Jennifer Crissman, Attorney, Woodruff Family Law Group
In Part 5 of our series aimed at assisting attorneys practicing family law in Guilford and surrounding counties, we look at admitting hearsay statements made to social workers. It is common in cases involving allegations of abuse that a social worker will be involved at some point, whether the social worker conducts the initial interview, or they are brought in after there has been police involvement. Often the social worker will speak individually with the child and will have vital hearsay statements from the child that need to be admitted. A particularly helpful case on this point is State v. Crumbley, 519 S.E.2d 94, 135 N.C. App. 59 (1999).
In Crumbley, Social Services was contacted after the minor child’s aunt reported suspected sexual abuse to the local police department. An emergency investigator with the Department of Social Services went to the home and spoke with the minor child, who was age 7. Based on the investigator’s interview with the child it was determined that the child should be removed from the home and the case was referred to a social worker with Child Protective Services the same day. The social worker met with the child the same day and determined the child needed medical treatment. The child could not be seen by a child sexual abuse specialist for another eight days, so the child saw a pediatrician prior to the appointment with the specialist. The Defendant in Crumbley objected to the hearsay statements made to the emergency investigator and social worker being admitted.
The issue that the court in Crumbley addresses is whether the statements to the social worker and emergency investigator were properly admitted under the hearsay exception in Rule 803(4) Statements made for the purpose of medical diagnosis or treatment. The court holds that the factors properly considered in determining whether a statement is made for the purposes of medical diagnosis or treatment includes whether the statements actually led to the child receiving medical diagnosis or treatment, as well as the proximity in time from when the statements were made to when the actual diagnosis occurs.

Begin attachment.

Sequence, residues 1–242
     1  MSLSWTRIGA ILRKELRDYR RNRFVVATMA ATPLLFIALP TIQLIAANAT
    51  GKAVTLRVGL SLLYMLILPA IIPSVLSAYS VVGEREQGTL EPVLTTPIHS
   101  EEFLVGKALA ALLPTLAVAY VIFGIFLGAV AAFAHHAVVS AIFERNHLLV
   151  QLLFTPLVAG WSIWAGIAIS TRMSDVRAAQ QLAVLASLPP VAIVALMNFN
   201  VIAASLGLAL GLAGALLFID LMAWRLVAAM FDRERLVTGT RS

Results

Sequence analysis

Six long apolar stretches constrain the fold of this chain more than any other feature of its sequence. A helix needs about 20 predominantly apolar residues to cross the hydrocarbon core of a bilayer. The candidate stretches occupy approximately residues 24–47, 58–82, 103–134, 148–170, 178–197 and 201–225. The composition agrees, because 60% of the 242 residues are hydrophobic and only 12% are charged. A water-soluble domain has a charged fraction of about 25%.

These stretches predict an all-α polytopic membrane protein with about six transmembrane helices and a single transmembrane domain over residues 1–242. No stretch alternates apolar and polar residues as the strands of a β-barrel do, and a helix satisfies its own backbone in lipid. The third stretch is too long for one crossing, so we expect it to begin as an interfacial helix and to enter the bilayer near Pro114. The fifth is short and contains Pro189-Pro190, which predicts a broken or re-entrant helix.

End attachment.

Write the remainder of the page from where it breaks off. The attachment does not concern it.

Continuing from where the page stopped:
Ultimately the statements to the emergency investigator and social worker were admitted. The court deemed the initial interview by the emergency investigator played a crucial part in the process of determining whether the minor child needed medical treatment. Also the court determined that the fact there was an 8 day gap between the statements to the social worker and the medical diagnosis was still close enough proximity in time for the statements to be admitted under Rule 803(4).
In our fact pattern the children Aaron and Billy spoke with the social worker at the Children’s Advocacy Center on the same day as the pediatric nurse and doctor. When presenting the testimony of social workers it is important that the attorney emphasizes how the interview with the social worker determines whether or not the child will receive medical treatment. The attorney should be sure to review the procedure the social worker follows, as well as the facts and timing of any subsequent medical examinations that are scheduled, and the ultimate diagnosis.
Part 6 of our series will review State v. Aviles, which although it is unpublished, is helpful as it discusses in detail Children’s Advocacy Centers and their procedures with regards to statements made by young children.